Men who have erectile dysfunction dating gay

  • How will prostate cancer affect my sex life?.
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I moved miles and have started over on many levels. I am 58 BTW. With the baggage taken care of I now feel like getting back on the horse so to speak and becoming sexually active again. I had resigned myself to being a bottom, but my first encounter has kind of soured me to that. So I saw a new urologist this week and we discussed my history. I held nothing back and one of the first questions I asked is how much do you know about gay sex. He immediately replied he has a surprising number of gay patients for a suburban doctor and I was not unique and that he had no issues.

Then he stated some of them were led quite active sex lives. I felt immediately at ease. So what are my options at this point? He wants to inject me and verify that I have leakage as the insurance company will probably require it for authorization. In case you have not guessed it yet, I am planning to get an implant.

There are three types; rigid, 2 piece inflatable, and 3 piece inflatable. I am choosing the latter as my research indicates that it gives the most natural looking erection, is able to add a bit of length, and add girth. The urologists was quick to state that his practice was not there to produce a circus act so I should be realistic about enhancement possibilities. So here I am starting a new journey. We use cookies to personalise content, target and report on ads, to provide social media features and to analyse our traffic. For more information see our Cookie Policy.

Erectile dysfunction or performance anxiety? This is not about sex, it is about shame All men struggle to get an erection at some point in their lives Thu, Oct 18, , Sirin Kale. Animal welfare expertise at Ulster University takes all-Ireland approach. Plan a spring reunion for Easter dinner with Lidl Deluxe.

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Then the food arrived. The rise and rise of cosmetic procedures in Ireland. This is where the semen travels backwards into the bladder when you orgasm, rather than out through your penis. The semen is then passed out of the body when you next urinate. It isn't harmful and shouldn't affect your enjoyment of sex but it may feel quite different to the orgasms you're used to.

Some men leak urine when they orgasm, or feel pain. Others find they don't last as long during sex and reach orgasm quite quickly. After prostate cancer treatment you might not be able to have children naturally. With radiotherapy or brachytherapy you may produce less fluid when you ejaculate but you may still be fertile.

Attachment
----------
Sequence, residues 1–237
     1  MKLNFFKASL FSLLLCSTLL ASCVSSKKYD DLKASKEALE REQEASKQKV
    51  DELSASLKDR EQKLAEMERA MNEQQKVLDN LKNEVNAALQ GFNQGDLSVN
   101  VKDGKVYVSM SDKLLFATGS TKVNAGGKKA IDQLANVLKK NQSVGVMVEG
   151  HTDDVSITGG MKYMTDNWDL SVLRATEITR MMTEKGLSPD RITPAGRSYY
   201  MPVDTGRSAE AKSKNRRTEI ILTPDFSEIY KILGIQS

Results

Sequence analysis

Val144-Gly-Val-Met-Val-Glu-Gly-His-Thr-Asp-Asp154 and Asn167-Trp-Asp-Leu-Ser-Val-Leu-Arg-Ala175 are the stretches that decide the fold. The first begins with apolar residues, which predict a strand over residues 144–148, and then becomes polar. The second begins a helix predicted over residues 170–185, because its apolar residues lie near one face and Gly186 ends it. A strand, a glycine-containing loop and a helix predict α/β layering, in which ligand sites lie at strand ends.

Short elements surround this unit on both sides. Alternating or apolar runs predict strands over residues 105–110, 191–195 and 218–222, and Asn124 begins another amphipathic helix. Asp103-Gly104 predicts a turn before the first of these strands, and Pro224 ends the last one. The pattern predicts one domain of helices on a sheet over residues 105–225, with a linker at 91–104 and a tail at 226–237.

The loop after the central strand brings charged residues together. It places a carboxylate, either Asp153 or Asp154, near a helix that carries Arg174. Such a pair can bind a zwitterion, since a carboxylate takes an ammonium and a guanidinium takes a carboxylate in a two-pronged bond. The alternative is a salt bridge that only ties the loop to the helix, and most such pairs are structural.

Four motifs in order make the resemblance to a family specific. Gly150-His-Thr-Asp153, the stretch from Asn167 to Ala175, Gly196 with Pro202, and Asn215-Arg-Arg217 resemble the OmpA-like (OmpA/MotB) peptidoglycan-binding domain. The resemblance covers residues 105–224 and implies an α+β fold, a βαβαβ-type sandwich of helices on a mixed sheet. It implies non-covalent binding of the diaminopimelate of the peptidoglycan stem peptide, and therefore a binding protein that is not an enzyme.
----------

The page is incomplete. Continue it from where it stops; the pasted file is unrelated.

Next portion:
You may want to think about storing your sperm before treatment, so that you can use it for fertility treatment later. Ask your doctor or nurse whether sperm storage is available locally.

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You can usually store your sperm for up to 10 years and sometimes longer. Changes to your sperm during radiotherapy, brachytherapy and chemotherapy could affect any children you may conceive during or after treatment but the risk of this happening is very low and it hasn't been proven.

You may wish to avoid fathering a child during treatment, and for up to two and a half years afterwards.

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Changes to your body and your sex life can have a big impact on you. You may feel worried, unsatisfied, angry and some men say they feel like they've lost a part of themselves. There are ways to tackle these issues and find solutions that work for you. If you are stressed or down about changes to your sex life, finding some support may improve how you feel. There are lots of different ways to get support. You are not alone. A lot of men, with and without prostate cancer have sexual problems. Talking to other men who have had similar experiences can help. Counsellors are trained to listen and can help you find your own ways to deal with things.